**If you invest $1,000 every year in an account that pays 10% annual interest also compounded annually, what will be the future value of your investment after 5 years?**

The input arguments for the FV function are :

rate: 0.1 (10% interest rate)

nper: 5 (number of periods)

pmt: -1000

[pv]: (no value given indicating no initial value)

[type]: 0 (payment is timed at the end of the period)

Formula in cell E19:

The output of the FV function based on the given arguments is $6,105.10 which represents the future value of the investment after 5 periods with a 10% interest rate and an investment of $1000 in each period.

The chart titled "FV function" shows a line graph depicting the growth of the future value over 5 periods (1 to 5 on the x-axis). The y-axis represents the future value amount.

Below the chart and input arguments, a table shows the calculation details for each period, including the Year, Value (accumulated future value).

## 5. FV function Example 3

**A company plans to set aside $2,500 at the end of each quarter for the next 3 years to fund a future project. The company sets aside an initial $10,000 as a start.Â If the investment earns 4.5% annual interest compounded quarterly, what will be the future value of the investment at the end of 3 years?**

The input arguments for the FV function are :

rate: 0.045 (annual 4.5% interest rate, divide this by 4 to get the quarterly interest rate)

nper: 3 (number of periods, we multiply by 4 in the formula to get the correct number of quarters)

pmt: -2,500

[pv]: -10,000

[type]: 0 (payment is timed at the end of the period)

Formula in cell E19:

The output of the FV function based on the given arguments is $43,364.40 which represents the future value of the investment after 3 periods with a 4.5% interest rate and an investment of $2,500 in each period, and a $10,000 start value.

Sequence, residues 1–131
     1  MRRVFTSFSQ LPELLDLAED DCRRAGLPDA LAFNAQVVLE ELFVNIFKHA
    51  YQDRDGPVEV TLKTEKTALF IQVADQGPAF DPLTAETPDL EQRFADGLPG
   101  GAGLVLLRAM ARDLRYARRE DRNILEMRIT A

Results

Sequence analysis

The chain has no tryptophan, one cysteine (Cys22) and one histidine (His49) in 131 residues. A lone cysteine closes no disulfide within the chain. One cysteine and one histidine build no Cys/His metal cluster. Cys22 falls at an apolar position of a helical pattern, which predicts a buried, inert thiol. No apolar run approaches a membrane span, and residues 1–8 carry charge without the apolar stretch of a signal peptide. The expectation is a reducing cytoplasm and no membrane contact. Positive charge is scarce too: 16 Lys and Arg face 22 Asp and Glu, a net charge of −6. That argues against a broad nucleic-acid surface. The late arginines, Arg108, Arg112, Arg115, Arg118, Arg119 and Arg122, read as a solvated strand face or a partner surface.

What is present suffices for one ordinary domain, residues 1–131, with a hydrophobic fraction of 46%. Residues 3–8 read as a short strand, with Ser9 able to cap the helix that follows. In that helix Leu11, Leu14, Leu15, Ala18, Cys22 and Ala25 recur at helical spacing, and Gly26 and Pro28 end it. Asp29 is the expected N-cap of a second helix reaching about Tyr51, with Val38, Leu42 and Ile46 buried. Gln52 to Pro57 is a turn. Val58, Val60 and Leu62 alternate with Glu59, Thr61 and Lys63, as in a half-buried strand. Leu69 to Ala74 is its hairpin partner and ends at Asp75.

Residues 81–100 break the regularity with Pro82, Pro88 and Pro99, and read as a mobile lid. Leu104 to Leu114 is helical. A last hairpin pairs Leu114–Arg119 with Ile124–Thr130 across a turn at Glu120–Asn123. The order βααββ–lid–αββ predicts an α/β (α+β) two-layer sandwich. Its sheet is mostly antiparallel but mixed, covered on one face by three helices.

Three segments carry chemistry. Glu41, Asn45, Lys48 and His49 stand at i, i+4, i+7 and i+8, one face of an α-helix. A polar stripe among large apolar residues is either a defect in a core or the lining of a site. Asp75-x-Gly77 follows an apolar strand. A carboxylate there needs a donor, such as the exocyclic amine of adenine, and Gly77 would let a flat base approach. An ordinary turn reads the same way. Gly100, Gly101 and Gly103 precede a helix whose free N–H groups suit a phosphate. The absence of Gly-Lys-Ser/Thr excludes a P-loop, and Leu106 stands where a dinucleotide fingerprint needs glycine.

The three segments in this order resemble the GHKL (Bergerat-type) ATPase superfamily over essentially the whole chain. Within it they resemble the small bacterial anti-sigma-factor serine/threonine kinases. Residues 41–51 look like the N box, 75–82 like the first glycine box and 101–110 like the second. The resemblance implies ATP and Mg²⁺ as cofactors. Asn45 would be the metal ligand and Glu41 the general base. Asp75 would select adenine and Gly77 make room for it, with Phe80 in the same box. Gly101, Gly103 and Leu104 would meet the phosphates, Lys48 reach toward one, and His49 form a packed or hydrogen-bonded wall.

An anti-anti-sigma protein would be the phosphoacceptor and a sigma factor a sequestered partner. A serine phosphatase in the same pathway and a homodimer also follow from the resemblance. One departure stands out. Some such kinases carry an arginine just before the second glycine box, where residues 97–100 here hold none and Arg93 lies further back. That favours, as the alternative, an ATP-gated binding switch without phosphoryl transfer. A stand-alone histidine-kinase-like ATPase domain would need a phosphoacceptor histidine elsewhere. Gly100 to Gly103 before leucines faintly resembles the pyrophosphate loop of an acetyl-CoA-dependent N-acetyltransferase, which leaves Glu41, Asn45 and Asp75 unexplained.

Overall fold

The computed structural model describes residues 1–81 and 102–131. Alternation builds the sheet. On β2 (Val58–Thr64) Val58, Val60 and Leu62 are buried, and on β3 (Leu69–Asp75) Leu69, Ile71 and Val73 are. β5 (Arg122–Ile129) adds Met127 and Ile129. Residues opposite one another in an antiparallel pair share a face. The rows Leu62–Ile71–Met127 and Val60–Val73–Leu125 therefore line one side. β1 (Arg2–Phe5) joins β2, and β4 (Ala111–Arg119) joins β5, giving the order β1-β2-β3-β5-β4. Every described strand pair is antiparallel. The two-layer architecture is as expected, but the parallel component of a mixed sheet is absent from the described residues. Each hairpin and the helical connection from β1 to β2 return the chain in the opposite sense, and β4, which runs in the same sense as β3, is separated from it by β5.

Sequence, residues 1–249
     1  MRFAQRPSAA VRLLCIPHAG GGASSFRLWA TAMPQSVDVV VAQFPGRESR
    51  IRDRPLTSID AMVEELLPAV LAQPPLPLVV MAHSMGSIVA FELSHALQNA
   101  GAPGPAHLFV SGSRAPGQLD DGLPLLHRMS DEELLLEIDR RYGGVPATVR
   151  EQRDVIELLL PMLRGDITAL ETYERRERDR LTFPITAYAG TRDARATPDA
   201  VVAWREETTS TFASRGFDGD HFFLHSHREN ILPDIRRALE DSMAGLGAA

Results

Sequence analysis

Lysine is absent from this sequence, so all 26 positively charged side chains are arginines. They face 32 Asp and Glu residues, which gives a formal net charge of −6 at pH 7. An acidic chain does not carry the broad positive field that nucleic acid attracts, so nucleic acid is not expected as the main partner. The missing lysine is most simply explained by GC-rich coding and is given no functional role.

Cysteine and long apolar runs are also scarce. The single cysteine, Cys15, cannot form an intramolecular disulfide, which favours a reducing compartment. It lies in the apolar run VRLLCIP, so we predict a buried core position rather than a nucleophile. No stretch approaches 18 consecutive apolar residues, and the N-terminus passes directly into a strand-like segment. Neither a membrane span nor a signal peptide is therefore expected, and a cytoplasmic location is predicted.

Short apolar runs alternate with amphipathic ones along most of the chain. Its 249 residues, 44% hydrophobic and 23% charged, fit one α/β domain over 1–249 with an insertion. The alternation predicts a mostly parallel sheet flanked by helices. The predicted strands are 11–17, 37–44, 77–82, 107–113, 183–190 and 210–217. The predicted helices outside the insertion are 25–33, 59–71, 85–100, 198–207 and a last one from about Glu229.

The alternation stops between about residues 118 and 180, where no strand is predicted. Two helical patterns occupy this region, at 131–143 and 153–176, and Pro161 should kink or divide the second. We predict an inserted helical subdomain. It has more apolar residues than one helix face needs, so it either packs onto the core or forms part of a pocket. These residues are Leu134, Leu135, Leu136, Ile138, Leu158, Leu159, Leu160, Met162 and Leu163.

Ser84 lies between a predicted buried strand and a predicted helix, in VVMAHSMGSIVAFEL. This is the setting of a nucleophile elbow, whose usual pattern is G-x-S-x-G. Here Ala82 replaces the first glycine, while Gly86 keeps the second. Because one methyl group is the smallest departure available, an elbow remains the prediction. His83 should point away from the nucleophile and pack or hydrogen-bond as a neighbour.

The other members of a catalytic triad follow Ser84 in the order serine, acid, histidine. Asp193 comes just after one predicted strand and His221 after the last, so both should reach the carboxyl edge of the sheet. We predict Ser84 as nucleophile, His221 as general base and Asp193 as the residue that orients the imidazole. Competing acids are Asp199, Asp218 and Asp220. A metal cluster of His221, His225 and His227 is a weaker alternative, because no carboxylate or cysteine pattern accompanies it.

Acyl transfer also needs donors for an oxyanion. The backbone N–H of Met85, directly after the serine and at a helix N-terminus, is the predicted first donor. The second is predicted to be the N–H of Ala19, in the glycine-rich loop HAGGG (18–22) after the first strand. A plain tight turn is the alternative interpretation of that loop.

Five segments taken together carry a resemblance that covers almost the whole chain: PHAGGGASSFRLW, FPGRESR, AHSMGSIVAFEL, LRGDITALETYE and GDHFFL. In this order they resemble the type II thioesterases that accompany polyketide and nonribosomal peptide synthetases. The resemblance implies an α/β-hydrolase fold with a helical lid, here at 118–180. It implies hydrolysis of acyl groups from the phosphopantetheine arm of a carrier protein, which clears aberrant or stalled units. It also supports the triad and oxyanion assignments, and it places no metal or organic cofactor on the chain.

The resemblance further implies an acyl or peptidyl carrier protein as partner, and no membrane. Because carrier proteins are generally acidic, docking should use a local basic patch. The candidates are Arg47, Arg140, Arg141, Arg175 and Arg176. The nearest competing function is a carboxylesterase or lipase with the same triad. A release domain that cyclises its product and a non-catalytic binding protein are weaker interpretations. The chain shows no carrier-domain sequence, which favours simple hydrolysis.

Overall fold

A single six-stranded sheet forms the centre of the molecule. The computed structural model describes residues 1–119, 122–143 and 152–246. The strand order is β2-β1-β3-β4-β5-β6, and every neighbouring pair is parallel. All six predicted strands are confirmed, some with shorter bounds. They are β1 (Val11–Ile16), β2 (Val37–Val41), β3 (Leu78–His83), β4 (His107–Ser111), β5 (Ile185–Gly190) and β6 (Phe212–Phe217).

The chart titled "FV function" shows a line graph depicting the growth of the future value over 12 periods or quarters (1 to 12 on the x-axis). The y-axis represents the future value amount.

Below the chart and input arguments, a table shows the calculation details for each quarter, including the period, value, and sum (accumulated future value).

## 6. FV function Example 4

**A business invests $100,000 today in a fixed-income security that pays 5.2% annual interest compounded monthly. What will be the future value of the investment after 8 years?**

The arguments for the FV function are :

rate: 0.052 (annual 5.2% interest rate, divide this by 12 to get the monthly interest rate)

nper: 8 (number of periods, we multiply by 12 in the formula to get the correct number of periods or months)

pmt: 0 (no payments)

[pv]: -100,000 (start value or present value)

[type]: 0 (payment is timed at the end of the period)

Formula in cell E19:

The output of the FV function based on the given arguments is $151,452.41 which represents the future value of the investment after 96 periods (or 8 years, 8*12 = 96) with a 5.2% interest rate and an investment of $100,000.

The chart titled "FV function" shows a line graph depicting the growth of the future value over 96 periods or months (1 to 96 on the x-axis). The y-axis represents the future compounded amount.

Below the chart and input arguments, a table shows the calculation details for each year, including the period, value, and sum (accumulated future value).

### Functions in 'Financial' category

The FV function function is one of 27 functions in the 'Financial' category.